Observing Chair Work April 7th 2012

Yesterday was the local ATM session at Mat's house.  There was actually quite a bit going on.  There was a father and son, Tyler and Levi I believe, who are building their own 8 inch dob.  Yesterday they worked on the mirror box and that was interesting to watch.  Mat's son Jeff worked on regrinding his 8 inch mirror which was at F10 and which he wants taken down to about F5 or F6 I believe.  Josh, check the polish on his 4 inch and 8 inch mirrors and found that the polish needs to be done more on his 8 inch and that his 4 inch had some scratches in it that require further polishing.  I was there and with a lot of Mat's help and some from Josh, we worked through some issues on the chair and got the back leg put together.  Here are some images of the build of the chair. They won't be in any order of how we did this but I'll try to explain.

Here you can see the back leg of the chair that we assembled.  It is up and ready to go.  It is extremely strong and will hold weight quite well.  No worries there.  Working on the leg was one of the last things we did on the chair as it took time to drill the initial hole, then a larger hole to help the screw to go into the red oak which is really hard, and then we did a counter hold so the screw would be flush with the wood, keeping it smooth. 

 Here is the back and we cut the handle and I began to sand the inside of the handle by hand.  It worked quite well.  I like how the handle is back, allows for a good grip of the chair. 

 Next is the support for the front of chair and will be on the bottom.  In the plans it doesn't call for the support brace here to have its feet angled like the feet and to have them match for better support and aesthetics, we did that. I also sanded the bottom and Josh shared a sanding technique to get the bottom completely smooth.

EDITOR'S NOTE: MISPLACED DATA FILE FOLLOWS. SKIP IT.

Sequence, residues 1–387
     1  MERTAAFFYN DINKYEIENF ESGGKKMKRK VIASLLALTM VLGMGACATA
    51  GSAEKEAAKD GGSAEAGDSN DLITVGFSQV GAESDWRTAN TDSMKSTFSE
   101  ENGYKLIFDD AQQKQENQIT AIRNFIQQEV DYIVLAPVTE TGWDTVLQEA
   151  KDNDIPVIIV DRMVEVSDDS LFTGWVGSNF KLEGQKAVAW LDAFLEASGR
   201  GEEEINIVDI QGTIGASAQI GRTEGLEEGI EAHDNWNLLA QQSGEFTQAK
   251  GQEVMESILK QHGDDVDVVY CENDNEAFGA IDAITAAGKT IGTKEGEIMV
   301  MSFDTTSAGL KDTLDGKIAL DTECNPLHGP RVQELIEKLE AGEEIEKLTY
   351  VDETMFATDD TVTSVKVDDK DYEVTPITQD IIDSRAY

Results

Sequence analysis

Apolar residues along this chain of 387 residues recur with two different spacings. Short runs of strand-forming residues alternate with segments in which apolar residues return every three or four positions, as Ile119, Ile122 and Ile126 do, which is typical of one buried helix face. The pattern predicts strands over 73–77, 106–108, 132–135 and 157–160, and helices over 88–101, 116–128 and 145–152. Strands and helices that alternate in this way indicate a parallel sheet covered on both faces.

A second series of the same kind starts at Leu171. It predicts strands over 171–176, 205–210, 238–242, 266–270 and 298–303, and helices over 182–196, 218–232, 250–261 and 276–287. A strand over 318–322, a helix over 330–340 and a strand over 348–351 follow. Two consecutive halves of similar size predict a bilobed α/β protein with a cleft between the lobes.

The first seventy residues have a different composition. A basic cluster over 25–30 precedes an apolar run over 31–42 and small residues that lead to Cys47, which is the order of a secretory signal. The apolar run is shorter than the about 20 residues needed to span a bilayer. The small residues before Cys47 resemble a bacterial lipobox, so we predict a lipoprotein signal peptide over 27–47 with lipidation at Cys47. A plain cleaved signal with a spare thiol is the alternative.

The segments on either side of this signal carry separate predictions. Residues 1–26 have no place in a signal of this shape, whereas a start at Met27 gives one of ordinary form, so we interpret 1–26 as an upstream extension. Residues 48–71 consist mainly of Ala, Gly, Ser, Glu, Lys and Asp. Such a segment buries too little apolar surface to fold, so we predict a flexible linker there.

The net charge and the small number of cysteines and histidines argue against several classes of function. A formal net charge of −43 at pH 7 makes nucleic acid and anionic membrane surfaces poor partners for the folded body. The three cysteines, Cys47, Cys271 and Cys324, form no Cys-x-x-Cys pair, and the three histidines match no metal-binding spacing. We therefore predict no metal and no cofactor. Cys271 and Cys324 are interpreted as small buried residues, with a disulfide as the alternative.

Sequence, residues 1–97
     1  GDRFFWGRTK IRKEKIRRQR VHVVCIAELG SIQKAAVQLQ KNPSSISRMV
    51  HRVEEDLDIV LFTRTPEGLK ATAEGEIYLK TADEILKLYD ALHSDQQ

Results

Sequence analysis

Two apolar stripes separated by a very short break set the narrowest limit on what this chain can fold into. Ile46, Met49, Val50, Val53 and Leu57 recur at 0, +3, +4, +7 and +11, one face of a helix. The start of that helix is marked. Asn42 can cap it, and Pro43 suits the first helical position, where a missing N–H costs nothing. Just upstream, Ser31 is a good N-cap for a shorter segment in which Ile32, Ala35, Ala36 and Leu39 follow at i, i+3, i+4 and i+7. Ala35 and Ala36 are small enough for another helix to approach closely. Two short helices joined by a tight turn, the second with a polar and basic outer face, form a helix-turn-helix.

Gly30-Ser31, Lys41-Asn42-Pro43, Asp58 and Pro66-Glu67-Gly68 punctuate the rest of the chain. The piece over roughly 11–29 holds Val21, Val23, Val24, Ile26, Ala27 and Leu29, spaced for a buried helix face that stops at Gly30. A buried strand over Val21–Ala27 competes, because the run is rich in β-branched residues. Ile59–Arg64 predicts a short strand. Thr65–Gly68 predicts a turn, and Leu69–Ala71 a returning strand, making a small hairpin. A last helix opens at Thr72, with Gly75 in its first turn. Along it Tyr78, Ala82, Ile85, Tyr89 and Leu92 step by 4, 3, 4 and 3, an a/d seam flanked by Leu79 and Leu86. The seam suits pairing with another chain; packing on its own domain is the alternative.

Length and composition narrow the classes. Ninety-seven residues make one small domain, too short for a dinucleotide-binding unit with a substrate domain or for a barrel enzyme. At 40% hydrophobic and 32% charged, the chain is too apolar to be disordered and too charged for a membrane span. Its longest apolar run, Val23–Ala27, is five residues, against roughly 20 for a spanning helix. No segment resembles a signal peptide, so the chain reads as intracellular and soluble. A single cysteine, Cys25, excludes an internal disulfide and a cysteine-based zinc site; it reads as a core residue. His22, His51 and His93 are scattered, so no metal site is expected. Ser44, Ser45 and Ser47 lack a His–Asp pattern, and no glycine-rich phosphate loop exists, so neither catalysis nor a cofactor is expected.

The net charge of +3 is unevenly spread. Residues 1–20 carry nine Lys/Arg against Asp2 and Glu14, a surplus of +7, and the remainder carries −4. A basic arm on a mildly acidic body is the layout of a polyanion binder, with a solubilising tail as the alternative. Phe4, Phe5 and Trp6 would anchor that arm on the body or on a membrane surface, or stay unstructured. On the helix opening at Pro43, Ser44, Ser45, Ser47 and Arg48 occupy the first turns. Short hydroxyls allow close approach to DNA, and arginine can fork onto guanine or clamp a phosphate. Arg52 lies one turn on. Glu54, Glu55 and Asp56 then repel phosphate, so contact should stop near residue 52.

I also spent the first part of the session sanding the two notch legs to get them down so the chair can move. Mat finished as I was getting them uneven.  Here you can see them with the bottom brace before it was worked on.  Mat said that if you do this chair one thing he would do is to do the actual math to figure out where the angle of the holes need to be for the notches.  The plans are very good at that.  However, if I were to do this over, I would probably order from Catsperch their plans and hardware for $44.00 (the plans are just $25.00 and I am going to order them at some point just to take a look at them).  The plan and hardware can be found at this link about 3/4 to the bottom if not a little more. 

 One problem we continued to face with the chair is that the angle of the chair just wasn't right. To correct this Josh came up with the idea of making two wedges that go on top of the seat rest that we will secure to the them in the near future.  This fixed the angle issue quite nicely.  You can see it in the picture below.

Here is a close up of the two wedges on top of the seat support.  

And from another angle that is straight on.  Nothing fancy but it works.  Thanks Josh for the idea and cutting the tricky pieces. 

What's left is for us to round the back legs so the seat does all the way up, attach the front back rest to the front legs, put on the bottom support brace, redrill the holes for the foot rest and then I have a lot of sanding to so. I need to round the edges and just sand and trim.  I found that Catsperch uses thumbscrew  to secure and take off the bottom brace for transport so I'll probably do something similar. You can see that at this link (sorry, I don't want to post the picture that belongs to someone else).  Then I'll have to coat the chair so it holds up to dew and other moisture over time.  I am hoping for good weather next Friday or Saturday for observing and if so I'll be heading out to the Vernon site.  I did find another set of plans online for an observing chair and will post that link here in case someone wants to view those. 

Oh, my mirror is scheduled to be at Nova Optical for coating from Carl Zambuto so I'll more on that soon.